Dense breast tissue is a non-issue for molecular breast imaging
According to the findings of a team of radiologists and surgeons at the George Washington University Medical Center in Washington DC, USA, it appears that Molecular Breast Imaging is capable of detecting cancer regardless of breast tissue density.
Recently published in the American Journal of Roentgenology, the study covered data from over 300 breast cancer patients that had undergone the MBI/BSGI procedure.
The identical high breast cancer detection rate of 95% was recorded for women with or without breast density, suggesting that breast tissue density was simply a non-issue for MBI/BSGI according to a Douglas Kieper, Vice President for Science and Technology at Dilon Technologies, a manufacturer of Molecular Breast Imaging systems.
In a number of studies conducted on the efficiency of mammography in patients with dense breast tissue, as much as 50% of breast cancers were missed. While breast MRI is known to be more sensitive than mammography or ultrasound in women with dense breasts, it does come with a significantly higher cost per examination.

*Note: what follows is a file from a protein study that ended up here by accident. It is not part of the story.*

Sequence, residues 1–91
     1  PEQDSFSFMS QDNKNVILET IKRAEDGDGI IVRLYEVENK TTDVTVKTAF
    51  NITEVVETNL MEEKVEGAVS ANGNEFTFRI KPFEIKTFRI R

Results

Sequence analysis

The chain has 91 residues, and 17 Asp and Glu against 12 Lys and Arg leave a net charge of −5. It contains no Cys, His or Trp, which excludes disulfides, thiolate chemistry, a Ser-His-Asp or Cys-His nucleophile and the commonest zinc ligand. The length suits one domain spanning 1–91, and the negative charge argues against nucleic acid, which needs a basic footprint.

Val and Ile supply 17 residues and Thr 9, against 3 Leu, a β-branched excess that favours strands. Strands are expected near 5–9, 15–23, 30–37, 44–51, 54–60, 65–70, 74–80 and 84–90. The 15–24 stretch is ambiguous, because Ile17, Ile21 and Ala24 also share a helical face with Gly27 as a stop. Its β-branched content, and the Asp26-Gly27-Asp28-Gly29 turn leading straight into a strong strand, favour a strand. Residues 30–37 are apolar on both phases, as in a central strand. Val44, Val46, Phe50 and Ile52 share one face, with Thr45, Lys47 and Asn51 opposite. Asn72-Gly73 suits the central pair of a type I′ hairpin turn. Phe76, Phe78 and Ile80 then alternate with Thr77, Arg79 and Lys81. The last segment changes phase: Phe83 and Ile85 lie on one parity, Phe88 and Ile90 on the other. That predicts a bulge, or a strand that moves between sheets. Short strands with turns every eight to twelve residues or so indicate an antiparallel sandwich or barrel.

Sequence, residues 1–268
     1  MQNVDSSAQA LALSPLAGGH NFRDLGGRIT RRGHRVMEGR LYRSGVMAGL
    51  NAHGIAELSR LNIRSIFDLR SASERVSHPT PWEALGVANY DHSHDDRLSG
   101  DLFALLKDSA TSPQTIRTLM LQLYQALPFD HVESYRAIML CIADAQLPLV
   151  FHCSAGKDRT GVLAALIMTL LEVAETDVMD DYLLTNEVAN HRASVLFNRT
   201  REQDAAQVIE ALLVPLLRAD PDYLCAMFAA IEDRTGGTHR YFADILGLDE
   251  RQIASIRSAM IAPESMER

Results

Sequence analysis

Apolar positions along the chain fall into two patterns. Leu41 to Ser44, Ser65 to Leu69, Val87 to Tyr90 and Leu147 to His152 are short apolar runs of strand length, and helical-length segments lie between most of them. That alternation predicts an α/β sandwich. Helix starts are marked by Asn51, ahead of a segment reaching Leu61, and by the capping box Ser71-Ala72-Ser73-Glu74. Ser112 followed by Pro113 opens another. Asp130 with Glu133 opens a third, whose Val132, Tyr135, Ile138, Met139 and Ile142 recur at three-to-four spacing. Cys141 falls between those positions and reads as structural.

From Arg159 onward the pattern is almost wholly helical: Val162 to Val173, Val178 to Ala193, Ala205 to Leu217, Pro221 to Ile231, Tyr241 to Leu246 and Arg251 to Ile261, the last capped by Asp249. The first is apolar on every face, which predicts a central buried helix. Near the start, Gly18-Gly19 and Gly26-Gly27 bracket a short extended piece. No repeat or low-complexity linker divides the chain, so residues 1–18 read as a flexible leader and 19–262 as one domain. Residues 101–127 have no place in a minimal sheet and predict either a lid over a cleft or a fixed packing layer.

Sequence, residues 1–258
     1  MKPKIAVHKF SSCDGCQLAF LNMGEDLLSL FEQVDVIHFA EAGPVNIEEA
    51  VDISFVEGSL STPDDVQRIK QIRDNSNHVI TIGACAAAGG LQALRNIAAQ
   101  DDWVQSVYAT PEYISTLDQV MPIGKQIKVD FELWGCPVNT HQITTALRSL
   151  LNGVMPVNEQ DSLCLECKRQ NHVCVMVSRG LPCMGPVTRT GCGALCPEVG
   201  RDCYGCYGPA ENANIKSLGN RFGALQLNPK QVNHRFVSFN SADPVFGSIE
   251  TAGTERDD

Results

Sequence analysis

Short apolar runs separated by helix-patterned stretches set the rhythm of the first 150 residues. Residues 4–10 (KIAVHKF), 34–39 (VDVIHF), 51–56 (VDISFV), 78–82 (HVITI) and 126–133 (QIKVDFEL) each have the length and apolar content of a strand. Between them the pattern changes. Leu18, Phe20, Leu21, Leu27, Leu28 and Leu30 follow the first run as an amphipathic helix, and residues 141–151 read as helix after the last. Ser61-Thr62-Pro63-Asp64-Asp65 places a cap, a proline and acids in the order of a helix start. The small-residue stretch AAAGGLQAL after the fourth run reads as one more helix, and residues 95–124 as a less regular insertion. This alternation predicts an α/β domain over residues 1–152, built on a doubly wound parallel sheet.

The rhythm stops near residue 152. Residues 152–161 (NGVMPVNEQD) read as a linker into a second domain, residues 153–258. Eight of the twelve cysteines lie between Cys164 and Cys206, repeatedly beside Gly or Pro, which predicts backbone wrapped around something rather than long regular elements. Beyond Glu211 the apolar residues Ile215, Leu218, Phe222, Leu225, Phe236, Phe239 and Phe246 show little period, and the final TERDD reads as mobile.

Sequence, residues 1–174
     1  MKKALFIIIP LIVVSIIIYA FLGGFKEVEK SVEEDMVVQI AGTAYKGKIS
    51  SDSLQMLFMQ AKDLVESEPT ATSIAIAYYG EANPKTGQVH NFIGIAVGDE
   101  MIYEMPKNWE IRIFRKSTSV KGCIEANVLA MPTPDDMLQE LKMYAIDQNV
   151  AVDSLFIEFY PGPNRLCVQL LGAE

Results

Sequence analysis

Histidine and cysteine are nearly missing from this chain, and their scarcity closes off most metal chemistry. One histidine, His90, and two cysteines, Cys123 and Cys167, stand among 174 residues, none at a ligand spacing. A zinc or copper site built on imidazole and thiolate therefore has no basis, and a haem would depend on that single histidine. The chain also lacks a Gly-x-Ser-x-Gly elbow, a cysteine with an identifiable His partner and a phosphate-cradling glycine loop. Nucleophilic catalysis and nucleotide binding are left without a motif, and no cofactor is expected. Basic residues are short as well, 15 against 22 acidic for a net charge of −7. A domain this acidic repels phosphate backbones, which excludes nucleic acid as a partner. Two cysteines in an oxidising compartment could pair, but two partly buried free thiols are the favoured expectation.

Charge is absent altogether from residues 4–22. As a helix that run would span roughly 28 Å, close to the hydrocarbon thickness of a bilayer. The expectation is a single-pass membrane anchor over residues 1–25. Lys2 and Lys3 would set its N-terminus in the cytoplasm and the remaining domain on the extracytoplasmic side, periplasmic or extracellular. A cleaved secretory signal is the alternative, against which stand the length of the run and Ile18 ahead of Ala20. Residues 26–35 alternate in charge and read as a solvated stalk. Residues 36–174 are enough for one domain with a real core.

Molecular breast imaging (MBI) on the other hand, also referred to as Breast-Specific Gamma Imaging (BSGI), is an imaging procedure that has, in several clinical studies, proven to be better than mammography or ultrasound for detecting breast cancer, in women with dense breasts in particular.
Additionally, the MBI/BSGI procedure is cost effective at only a third of the cost of an MRI and is accessible to patients who cannot have an MRI, such as women with pacemakers, those who are claustrophobic or those on dialysis.
Up until recently, women who have dense breasts were generally unaware of their breast density or of the possibility that their “negative” mammogram might be missing cancers. This has since changed, as a number of US states have passed legislation making it mandatory for breast centers to inform patients with dense breasts that their mammogram might potentially be inconclusive.
Image credit: Google
24 February 2014